3- Don’t ignore your cravings – they will really suck for three days – address them. tell them to fuck off. relly this worked for me…maybe a bit Unhippie and aggressive of me but…hey – DO WHAT WORKS!! Those stupid cravings had been bossing me around for over 30 years…and I was annoyed!

I am stronger then my body today…and this feels GREAT.  It is possible for everyone to develop a mentality that your body is allowed to have a craving – but you don’t need to listen to it.  Working with animals can help with the development of this mentality.

4- Be really healthy. It feels good to be nice to yourself for once.

5- Tell the entire planet. LOUDLY. Accept their help.

6- Pray and meditate. Pray for help. Meditate for answers. Seriously. Try it.

7- Be loud about your GRATITUDE  – tell everyone each new amazing things you discover about not smoking. Your lungs feel good, you have energy, body hurts less, clothes smell good, random hot guys are smelling you – wait..no that can’t apply to everyone. 🙂 But having fun with it is important!  THIS is the mental ticket to staying quit for me SO FAR.  When it gets hard, I use Facebook to SCREAM what I AM grateful for and I always get such encouraging words and thoughts – it sure doesn’t hurt and it encourages others to look at getting healthy too.

So when you ask me this “secret” and I think in whatever way you come to it, the “secret” to quitting smoking is wanting to be kinder to yourself. It sounds simple, but it’s not necessarily so for most people.  I can only tell you what worked for me, and this was simply that one day I began to see that what I did to myself flowed outwards and it was important to me to live more kindly towards myself. But no one can tell you what will work for you. No book, no guru, no laser hypno-drug therapy. You have to WANT TO LIVE – for you. For yourself – because you love he people in your life.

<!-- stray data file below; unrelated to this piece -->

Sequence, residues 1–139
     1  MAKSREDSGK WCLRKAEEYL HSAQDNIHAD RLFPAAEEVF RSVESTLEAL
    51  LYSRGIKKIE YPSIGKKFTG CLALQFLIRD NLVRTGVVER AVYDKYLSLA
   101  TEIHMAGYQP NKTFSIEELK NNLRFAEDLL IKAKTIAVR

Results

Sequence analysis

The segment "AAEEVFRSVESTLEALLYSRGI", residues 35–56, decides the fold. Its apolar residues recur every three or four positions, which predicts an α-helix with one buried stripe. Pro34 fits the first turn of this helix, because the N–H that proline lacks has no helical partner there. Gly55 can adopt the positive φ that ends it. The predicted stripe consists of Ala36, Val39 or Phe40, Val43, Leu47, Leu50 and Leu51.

That’s it.stop-smoking-start-repairing

The Secret – you already knew.

Please share your stories with us if you’d care to.

 

The Quit Journey

got_choiceI have quit smoking again. This is day 2 1/2…I quit at 11:00 Monday morning – February 17.  I’d like to remember that day as the day I finally quit once and for all, so I am making sure to take note of it.

Two and a half (now two and three quarters, but who’s counting?) may not be a big deal to you but lately, I havent been able to go two bours without a cigarette. It’s basically all I think about for the past three years – since my mother’s diagnosis with lung cancer.  Terror is immobilizing.

In my dreams last night, I found myself with cigarettes in my hands all the time.  I kept walking entering each new situation and inadvertently finding myself smoking when I didn’t want to be.  It was incredibly frustrating and I kept throwing them out, only to find a new one growing back between my reluctant fingers.  When I would tell others in my dream

“But I’m trying to quit!”

They would just shrug and say,

“Yeah right…”-  an obvious reflection of the doubt I have in myself.

So – fake it till ya make it…

I for one am not very good self focused care – but recent events are teaching me that I can’t give away what I don’t have and so, I am on a mission to fill my own cup…a strange newish behaviour that has serious benefits.  Mostly,   it just feels good to do something healthy for myself and it is having an immediate positive effect on the world around me. I wasn’t ready to admit how much influence I have on the people I love most in the world.   The house is basically smoke free right now. Although I didn’t ask anyone not to smoke because I knew if I waited for all of the conditions of th world and the people around me to meet my fickle requirements for quitting, I would smoke the rest of my incredibly shortened life. I had to just go ahead and do it.  And here we are…unbelievable.